Microbiology Test 3

  1. What is is called when the H-bonds between two DNA strands break?
    Denaturation or melting
  2. Because of ...............one strand of DNA can always be used as the template for the synthesis of another.
    base-pairing rules
  3. What three types of RNA is DNA transcribed to?
    mRNA, tRNA, rRNA
  4. This type of RNA is simply amessenger and it is always translated to give a protein product
  5. This RNA plays a very important role in thetranslational function of the ribosome
  6. This RNA binds to amino acids anddelivers them to the ribosome where the polypeptide chain (that will fold intoa protein) is being translated from the mRNA code
  7. Only mRNA, but not rRNA or tRNA

    D. is translated to form protein product.
  8. Replication of a circular chromosome or a plasmid always begins ata point on the plasmid called the............and can proceed in..............
    origin of replication, both directions
  9. Replication of the E. coli chromosomea. initiates when an RNA polymerase enzyme called Tusunwinds a short stretch of DNA.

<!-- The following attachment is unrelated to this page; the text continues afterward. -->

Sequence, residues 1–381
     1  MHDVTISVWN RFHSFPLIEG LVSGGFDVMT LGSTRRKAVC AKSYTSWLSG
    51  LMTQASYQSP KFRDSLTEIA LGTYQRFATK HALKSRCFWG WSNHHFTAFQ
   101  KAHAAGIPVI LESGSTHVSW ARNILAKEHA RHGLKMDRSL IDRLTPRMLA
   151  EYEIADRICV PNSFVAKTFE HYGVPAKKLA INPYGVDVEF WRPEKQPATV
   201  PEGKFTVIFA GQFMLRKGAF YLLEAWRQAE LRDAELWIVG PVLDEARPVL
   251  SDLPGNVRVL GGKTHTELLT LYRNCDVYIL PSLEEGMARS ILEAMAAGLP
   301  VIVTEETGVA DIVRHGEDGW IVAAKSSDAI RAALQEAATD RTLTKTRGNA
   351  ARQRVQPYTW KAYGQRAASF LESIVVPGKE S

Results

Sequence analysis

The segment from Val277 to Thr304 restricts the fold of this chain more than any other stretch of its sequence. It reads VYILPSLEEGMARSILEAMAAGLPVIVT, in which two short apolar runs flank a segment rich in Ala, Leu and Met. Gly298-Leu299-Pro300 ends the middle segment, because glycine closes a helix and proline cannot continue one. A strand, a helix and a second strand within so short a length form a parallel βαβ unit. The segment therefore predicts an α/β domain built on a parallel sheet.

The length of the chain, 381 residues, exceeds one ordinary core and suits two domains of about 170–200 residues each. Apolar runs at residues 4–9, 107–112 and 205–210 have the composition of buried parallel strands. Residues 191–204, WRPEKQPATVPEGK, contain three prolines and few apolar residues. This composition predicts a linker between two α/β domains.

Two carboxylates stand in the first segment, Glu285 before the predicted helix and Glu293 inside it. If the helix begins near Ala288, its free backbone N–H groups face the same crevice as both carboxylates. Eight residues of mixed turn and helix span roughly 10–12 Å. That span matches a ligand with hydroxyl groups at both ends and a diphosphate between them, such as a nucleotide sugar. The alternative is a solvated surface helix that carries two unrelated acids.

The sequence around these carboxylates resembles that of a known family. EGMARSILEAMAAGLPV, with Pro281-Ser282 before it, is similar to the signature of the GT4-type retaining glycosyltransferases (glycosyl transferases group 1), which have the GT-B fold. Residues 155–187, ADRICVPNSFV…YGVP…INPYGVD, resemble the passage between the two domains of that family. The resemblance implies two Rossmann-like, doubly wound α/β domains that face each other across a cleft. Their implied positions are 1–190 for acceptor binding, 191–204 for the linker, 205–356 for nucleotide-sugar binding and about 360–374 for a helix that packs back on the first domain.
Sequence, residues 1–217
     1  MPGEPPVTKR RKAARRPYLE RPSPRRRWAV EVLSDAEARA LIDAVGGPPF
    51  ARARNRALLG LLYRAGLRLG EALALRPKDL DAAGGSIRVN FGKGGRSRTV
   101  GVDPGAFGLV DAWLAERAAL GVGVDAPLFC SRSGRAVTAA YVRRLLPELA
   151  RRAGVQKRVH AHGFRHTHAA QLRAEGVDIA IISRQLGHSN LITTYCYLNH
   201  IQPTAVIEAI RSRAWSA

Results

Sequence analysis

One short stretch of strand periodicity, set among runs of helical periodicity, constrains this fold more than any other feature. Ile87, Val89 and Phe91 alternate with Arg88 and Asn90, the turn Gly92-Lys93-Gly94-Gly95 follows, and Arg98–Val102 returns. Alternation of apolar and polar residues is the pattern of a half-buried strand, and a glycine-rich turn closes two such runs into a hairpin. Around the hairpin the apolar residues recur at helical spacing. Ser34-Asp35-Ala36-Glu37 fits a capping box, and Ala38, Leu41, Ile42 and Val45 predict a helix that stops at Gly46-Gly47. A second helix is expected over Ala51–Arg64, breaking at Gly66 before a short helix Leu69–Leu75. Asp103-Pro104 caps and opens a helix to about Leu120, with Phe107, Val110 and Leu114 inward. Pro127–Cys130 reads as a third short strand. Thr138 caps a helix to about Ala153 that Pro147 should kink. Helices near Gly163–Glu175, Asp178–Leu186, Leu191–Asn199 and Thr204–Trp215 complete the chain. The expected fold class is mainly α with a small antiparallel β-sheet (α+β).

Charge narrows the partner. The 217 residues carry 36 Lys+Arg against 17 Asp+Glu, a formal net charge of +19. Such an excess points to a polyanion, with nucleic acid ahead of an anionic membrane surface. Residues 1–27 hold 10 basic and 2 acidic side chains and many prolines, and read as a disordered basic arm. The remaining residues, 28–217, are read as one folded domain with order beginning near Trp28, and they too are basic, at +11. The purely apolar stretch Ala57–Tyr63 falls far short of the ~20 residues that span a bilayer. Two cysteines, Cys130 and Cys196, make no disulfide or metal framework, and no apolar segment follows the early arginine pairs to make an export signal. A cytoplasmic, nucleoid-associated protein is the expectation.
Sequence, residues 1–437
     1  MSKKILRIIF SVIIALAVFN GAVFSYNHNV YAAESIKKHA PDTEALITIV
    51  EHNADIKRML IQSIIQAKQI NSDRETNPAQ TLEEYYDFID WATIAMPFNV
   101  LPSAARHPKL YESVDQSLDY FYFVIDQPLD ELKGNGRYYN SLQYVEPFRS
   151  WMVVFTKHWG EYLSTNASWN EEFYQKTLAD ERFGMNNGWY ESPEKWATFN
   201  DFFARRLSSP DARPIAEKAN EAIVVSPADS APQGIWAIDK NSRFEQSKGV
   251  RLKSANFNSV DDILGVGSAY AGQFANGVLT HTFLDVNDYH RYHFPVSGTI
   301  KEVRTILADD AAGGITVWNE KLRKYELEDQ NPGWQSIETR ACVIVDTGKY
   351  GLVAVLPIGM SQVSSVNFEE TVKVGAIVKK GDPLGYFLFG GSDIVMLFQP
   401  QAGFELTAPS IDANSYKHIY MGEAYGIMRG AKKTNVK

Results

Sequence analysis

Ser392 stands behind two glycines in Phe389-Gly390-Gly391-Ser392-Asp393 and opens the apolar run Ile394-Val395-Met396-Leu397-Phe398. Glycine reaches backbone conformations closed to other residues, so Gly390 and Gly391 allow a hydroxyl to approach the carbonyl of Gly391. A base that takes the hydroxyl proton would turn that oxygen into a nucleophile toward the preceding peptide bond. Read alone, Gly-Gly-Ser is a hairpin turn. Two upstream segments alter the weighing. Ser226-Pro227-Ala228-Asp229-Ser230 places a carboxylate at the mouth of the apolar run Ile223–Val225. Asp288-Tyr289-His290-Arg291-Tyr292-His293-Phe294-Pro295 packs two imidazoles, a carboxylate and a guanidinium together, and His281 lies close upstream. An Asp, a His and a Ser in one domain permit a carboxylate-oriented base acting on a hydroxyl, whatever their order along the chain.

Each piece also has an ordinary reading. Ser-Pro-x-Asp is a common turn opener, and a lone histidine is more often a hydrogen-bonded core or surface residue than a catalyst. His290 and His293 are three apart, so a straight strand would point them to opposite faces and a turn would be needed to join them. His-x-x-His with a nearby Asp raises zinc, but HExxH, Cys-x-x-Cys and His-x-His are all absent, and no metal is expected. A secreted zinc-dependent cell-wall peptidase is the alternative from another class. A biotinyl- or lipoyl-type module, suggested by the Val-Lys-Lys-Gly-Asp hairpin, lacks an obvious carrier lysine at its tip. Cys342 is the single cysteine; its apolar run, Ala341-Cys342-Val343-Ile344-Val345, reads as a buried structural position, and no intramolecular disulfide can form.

b. originates and terminates at the same location.
    c. results in the transient formation of a region of newlysynthesized DNA called the replication bubble.
    b. originates and terminates at the same location
  10. Before replication begins...........unwind the helix and..............relieve the tension.
    helicases, topoisomerases
  11. At the replication fork, a single complex called the............(containing DNA polymerases) synthesizes both the leading and lagging strands.
  12. DNA polymerase can only synthsize DNA in the..............direction.
    5' to 3'
  13. This enzyme is used to form small RNA primers in the first step of the synthesis of the lagging strand.
  14. DNA polymerase requires a............in order to beigin synthesizing DNA.
    RNA primer
  15. Which of the following is/are true about DNAreplication?a. It starts at the origin of replication.
    b. It is bidirectional
    c. It requires an RNA primer to get started.
    d. It is semiconservative.
    e. All of the above.
    e. All of the above
    What is the sequence of the RNA transcript for the portion ofthe gene shown here?

  17. RNA always looks like the..............strand of DNA except...........is replaced by............
    coding, T, U
  18. The..........is the transcription initiation site.
  19. In prokaryotes,there is often more than 1 gene under control of the same promoter.This is called an